To qualify for disability benefits, a claimant cannot be engaged in “substantial gainful activity”—regardless of her medical condition, age, education, or work experience. 20 C.F.R. § 404.1520(b). Substantial gainful activity is work that involves performing “significant physical or mental activities” for pay, even if the work is only on a part-time basis. Id. § 404.1572. Every year, the SSA announces a new threshold for substantial gainful activity. See Social Security Administration, Substantial Gainful Activity, available at The parties do not dispute that McCabe engaged in substantial gainful activity during the relevant period.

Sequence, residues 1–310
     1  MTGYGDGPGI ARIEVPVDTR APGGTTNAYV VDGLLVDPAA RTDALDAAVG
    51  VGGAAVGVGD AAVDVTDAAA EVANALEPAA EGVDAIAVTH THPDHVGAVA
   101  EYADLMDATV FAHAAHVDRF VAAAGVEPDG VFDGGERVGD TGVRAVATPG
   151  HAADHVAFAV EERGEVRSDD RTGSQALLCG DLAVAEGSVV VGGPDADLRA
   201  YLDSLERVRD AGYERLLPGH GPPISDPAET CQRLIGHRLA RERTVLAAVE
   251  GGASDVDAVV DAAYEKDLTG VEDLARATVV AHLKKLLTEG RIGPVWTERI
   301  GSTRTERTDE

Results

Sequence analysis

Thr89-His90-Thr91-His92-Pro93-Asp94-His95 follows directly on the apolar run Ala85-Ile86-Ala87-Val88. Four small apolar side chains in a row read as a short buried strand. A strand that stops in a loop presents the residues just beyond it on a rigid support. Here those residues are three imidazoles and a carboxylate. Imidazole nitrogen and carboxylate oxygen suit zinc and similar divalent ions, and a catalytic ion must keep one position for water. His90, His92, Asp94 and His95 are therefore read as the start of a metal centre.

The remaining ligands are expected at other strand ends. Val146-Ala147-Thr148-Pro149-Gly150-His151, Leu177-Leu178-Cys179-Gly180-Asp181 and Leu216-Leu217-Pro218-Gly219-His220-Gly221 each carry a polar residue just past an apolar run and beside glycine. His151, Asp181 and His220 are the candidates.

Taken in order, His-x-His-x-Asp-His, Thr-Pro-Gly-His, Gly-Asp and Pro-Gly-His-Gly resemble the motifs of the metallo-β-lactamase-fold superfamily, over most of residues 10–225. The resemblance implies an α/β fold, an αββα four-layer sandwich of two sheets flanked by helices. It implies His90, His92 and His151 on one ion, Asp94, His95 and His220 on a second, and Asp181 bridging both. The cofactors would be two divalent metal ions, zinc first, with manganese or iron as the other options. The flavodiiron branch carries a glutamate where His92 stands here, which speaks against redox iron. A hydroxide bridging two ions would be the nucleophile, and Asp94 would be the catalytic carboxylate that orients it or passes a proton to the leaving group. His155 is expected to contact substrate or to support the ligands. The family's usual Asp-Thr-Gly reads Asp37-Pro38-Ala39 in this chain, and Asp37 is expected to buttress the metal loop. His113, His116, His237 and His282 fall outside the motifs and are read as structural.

The Commissioner shall recover overpayments of benefits whenever more than the correct amount has been paid. 42 U.S.C. § 1383(b)(1)(A). However, recovery of an overpayment may be waived if: (1) the claimant is “without fault”; and (2) recovery would “defeat the purpose of this subchapter or would be against equity and good conscience.” Id. § 404(b)(1). The claimant bears the burden of proving that she was without fault in the overpayment of benefits. Viehman v. Schweiker, 679 F.2d 223, 227 (11th Cir. 1982). Even if the SSA was partially at fault for the overpayment, that fact does not shield the claimant from liability for repayment if she is not without fault. 20 C.F.R. § 404.507. Fault can be shown, for example, where the overpayment of benefits results from the claimant's failure to provide information she knew or should have known was material. Id. § 404.507(b). The determination of whether a claimant is without fault is highly subjective, as it depends on the claimant's state of mind and individual circumstances. See Jefferson v. Bowen, 794 F.2d 631, 633 (11th Cir. 1986).